*I’m Learning Mandarin are helping organise immersive language retreats to give learners in the UK the chance to spend entire weekends away speaking only Mandarin with native speakers and advanced learners. To learn more about these events and to get involved go to mandarinretreat.com
As a Chinese learner based in the UK I’ve always been somewhat jealous of friends who’ve lived in China and experienced speaking Mandarin with native speakers for days on end. To be clear, it’s absolutely not necessary to go abroad to learn Chinese (I’ve managed to reach a reasonably advanced level without doing so). But being in a fully immersive environment remains the quickest way to progress in any language.
Given the state of play since the Pandemic, living in China has not looked like a realistic option for a while. With this in mind I searched online to see if there might be opportunities to attend Chinese language immersion programmes in the UK but the few options available were summer camps for children.
Then two weeks ago I finally got the chance to experience for myself what it’s like to live in a totally Mandarin speaking environment. I got a group of English and Chinese friends together and set off for a weekend in Scarborough on the North East English coast. We stayed in the same house, went for walks along the sea, cooked together, ate tonnes of Chinese food and watched Chinese dramas. There was only one rule: no English allowed except for emergencies.
We enjoyed the weekend so much that we’ve decided to organise similar events on a regular basis in future and would like to open it up to more Mandarin learners so you too can experience full Chinese immersion without buying a plane ticket to China (see below for more details).
At the start, when we met up on the Friday evening I was nervous and apprehensive. Over the past year I’ve spent hundreds of hours speaking Chinese, often having conversations and hanging out with native Chinese speakers for hours at a time. But that’s not the same as spending an entire weekend completely immersed in the language.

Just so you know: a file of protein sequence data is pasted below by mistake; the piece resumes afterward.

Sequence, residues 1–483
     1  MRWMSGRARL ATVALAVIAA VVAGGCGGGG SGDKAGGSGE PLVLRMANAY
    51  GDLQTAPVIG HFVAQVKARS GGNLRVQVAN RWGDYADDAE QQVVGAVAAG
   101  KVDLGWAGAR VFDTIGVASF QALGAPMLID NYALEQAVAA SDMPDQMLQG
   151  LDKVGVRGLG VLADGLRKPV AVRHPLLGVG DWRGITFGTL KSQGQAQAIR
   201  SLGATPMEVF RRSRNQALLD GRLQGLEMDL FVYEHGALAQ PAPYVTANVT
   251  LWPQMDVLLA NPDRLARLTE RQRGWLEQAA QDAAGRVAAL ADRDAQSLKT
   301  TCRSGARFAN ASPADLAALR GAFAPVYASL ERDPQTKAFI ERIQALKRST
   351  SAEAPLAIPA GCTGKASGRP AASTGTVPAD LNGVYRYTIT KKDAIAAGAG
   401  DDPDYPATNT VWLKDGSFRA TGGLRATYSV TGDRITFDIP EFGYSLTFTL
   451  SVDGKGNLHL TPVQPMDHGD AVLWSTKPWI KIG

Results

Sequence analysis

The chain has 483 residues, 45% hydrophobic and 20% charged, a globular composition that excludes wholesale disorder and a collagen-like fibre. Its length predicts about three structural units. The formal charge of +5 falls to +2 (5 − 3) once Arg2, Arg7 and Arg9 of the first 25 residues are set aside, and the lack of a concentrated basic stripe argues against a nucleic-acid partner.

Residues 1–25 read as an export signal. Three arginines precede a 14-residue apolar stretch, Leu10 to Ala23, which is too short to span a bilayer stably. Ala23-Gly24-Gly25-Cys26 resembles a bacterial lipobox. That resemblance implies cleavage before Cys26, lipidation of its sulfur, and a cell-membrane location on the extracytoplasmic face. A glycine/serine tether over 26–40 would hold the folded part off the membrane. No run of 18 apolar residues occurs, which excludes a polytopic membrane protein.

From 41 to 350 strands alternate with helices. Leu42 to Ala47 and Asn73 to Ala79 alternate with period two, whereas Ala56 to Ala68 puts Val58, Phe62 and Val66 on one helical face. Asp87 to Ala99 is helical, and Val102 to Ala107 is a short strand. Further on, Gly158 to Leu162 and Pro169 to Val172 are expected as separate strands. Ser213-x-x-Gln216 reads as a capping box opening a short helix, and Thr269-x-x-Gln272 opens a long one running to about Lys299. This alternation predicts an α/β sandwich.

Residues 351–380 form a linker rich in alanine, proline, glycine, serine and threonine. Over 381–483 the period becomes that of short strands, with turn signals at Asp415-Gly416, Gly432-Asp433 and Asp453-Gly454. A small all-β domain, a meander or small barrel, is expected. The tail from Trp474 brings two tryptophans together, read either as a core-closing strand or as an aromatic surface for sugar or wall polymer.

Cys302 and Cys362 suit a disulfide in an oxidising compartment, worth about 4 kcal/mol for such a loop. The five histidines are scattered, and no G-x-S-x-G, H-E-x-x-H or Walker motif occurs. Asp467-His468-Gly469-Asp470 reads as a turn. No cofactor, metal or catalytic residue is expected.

By Sunday evening, however, these nerves had evaporated. My Chinese was noticeably more fluent than it has ever been before and I was able to speak effortlessly, recalling words and phrases swiftly and with ease. It was as though my hard work over the previous years had suddenly been activated. My only disappointment was that it couldn’t go on for longer; sadly the next day I had to return to working in an English speaking environment.
Over the course of that weekend I picked up more Chinese than I would normally learn in weeks of study. My brain went into survival mode, convinced that understanding what those around me were saying and expressing my own thoughts effectively was vital. l learned tonnes of useful vocabulary and phrases related to everyday life which don’t usually come up in more abstract conversations with language exchange partners, or in podcasts about topics of interest.
Of the four English native speakers who took part in the weekend, two of us were advanced, one was lower-intermediate and one – blogger Lingo Geek – was at a higher elementary level. In my latest podcast Lingo Geek explained why he found the experience immensely helpful despite being at a lower level.
“The ability to listen to untamed full flow Chinese was a great advantage. And being able to communicate to people who patiently reply or if there’s something wrong with what you said they put back to you. I had my notebook and I came back from that weekend with so much new vocab and new sentences.
“Ever since then it’s been like an epiphany. This week I’ve had probably four or five voice calls. Before last weekend in normal conversation I’d have to check my comprehension was correct so many times or I’d just say 我听不懂 （I don’t understand). This week I’ve only had to ask once. I’ve been able to process what’s been said and been able to get meaning from it and be able to reply without having to check which has been great.
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